Meteor Shower to Peak on Saturday

John Roach
for National Geographic News
December 11, 2002
If clouds and a bright moon obscured your view of last month's Leonids
meteor shower, take heart. Meteor gazers have another chance to catch a
show this year. The annual Geminid meteor shower is reaching peak force,
streaking from a mysterious object known as 3200 Phaethon.

The shower began on December 7 and is predicted to reach peak intensity of 120 meteors per hour at 10:00 Universal Time (5:00 a.m. ET) on December 14, according to Bill Cooke, an astronomer at the Marshall Spaceflight Center in Huntsville, Alabama.

While the Geminids can be seen in the Northern Hemisphere from 10:00 p.m. local time on, astronomers suggest the best time to view the shower is from 2:00 a.m. until dawn. That is the time when the local sky is pointed directly into the meteor stream.

The Geminid meteor shower originates from the constellation Gemini. Astronomers consider it to be one of the best each year, topping even the more well-known Perseids, which occur in August.

In addition, the Geminids hold the allure of being something out of the "Twilight Zone," said Cooke. Astronomers are not sure whether to call the source of the meteor shower, 3200 Phaethon, a comet, an asteroid, or something else yet defined by science.

"It has become obvious in recent years that our nomenclature in astronomy is not keeping pace with the discoveries," said Cooke. "We like to place objects in nice, well-defined categories, even in light of the knowledge that Mother Nature makes no such distinctions."

Defining Geminids

Most meteor showers result from debris that boils off a comet's nucleus when it passes close to the sun. This debris orbits the sun along with the comet, forming a long, thin stream of debris. When this debris hits Earth's atmosphere, it burns up, an event popularly known as a shooting star.

When the Geminids suddenly appeared in the night sky in 1862, astronomers started searching for the comet that was the source of the meteor shower. For more than a century, astronomers found nothing. Then, in 1983, scientists using NASA's Infrared Astronomical Satellite discovered a curious object moving in the same orbit as the Geminid meteors.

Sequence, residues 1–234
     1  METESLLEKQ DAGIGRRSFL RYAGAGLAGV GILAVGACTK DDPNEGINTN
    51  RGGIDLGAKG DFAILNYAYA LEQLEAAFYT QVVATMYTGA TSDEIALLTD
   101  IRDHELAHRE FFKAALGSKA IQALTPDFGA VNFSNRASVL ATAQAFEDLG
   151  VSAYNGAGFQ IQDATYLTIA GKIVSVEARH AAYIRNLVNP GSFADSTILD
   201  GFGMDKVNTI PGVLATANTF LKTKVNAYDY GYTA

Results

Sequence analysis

There was just one catch: the object didn't look like a comet. Rather, it was several kilometers wide and looked more like a rocky asteroid. Indeed, 3200 Phaethon has an orbit that is characteristic of an asteroid and its meteors are about four times denser than meteors produced by well-known comet showers, said Cooke.

Brian Marsden, an astronomer with the Harvard-Smithsonian Center for Astrophysics in Cambridge, Massachusetts, suggests that 3200 Phaethon could be bombarded by other rocks as it passes through the main asteroid belt, causing a tail of ice and dust.

This phenomenon is thought to be the cause of the comet-like tail associated with Elst Pizarro, an asteroid discovered in 1996, said Marsden. This could also be the cause of 3200 Phaethon's debris tail. "Although it is difficult to see how the rock-like dust could persist to yield Geminids annually, with records from centuries ago," he said. "So that brings us back to the comet idea."

Recent studies on the orbits of the Geminid meteors indicate that they were produced when 3200 Phaethon passed closest to the sun, which is comet-like behavior.

"I actually believe that 3200 Phaethon is a comet, albeit an inactive one. [But] because it doesn't look like a comet, we have classified it as an asteroid," said Marsden.

Cooke holds to his theory that 3200 Phaethon is an object that cannot be defined with current astronomical terms.

"Phaethon may well be a 'Twilight Zone' object, intermediate between asteroids and comets. In which case, both sides of the debate would be part right and part wrong," Cooke said. "This is my current opinion."

Collision Course?

Regardless of whether 3200 Phaethon is indeed an asteroid or a comet, it is classified as a potentially hazardous asteroid. Its orbit brings the body close enough to Earth that scientists believe it has a chance of actually making impact.

To be classified as a potentially hazardous asteroid, a body must pass within 4.6 million miles (7.5 million kilometers) of Earth. There are currently 480 known potentially hazardous asteroids, according to NASA.

Every year in mid-December when the Geminid meteor shower is active, Earth is less than 2 million miles (3.2 million kilometers) from Phaethon's orbit.

The closest upcoming approach for 3200 Phaethon is to 1,812,640 miles (2,917,162 kilometers) on December 14, 2093, said Marsden, making contact in the foreseeable future unlikely. The distant future, however, is less certain.

"I don't know that anyone has specifically made long-term calculations for Phaethon, but over a million years the chance of a hit would be rather good, judging by what we know about similar bodies," he said.

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